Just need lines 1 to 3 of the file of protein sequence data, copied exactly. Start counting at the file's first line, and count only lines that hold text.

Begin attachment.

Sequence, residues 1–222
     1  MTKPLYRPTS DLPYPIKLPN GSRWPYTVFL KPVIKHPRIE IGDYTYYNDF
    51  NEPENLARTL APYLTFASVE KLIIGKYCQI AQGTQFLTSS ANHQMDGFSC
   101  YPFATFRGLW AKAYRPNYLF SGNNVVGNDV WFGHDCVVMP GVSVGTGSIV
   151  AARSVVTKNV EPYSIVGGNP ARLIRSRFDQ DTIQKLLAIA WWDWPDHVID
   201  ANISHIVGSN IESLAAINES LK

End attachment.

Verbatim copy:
Sequence, residues 1–222
     1  MTKPLYRPTS DLPYPIKLPN GSRWPYTVFL KPVIKHPRIE IGDYTYYNDF
    51  NEPENLARTL APYLTFASVE KLIIGKYCQI AQGTQFLTSS ANHQMDGFSC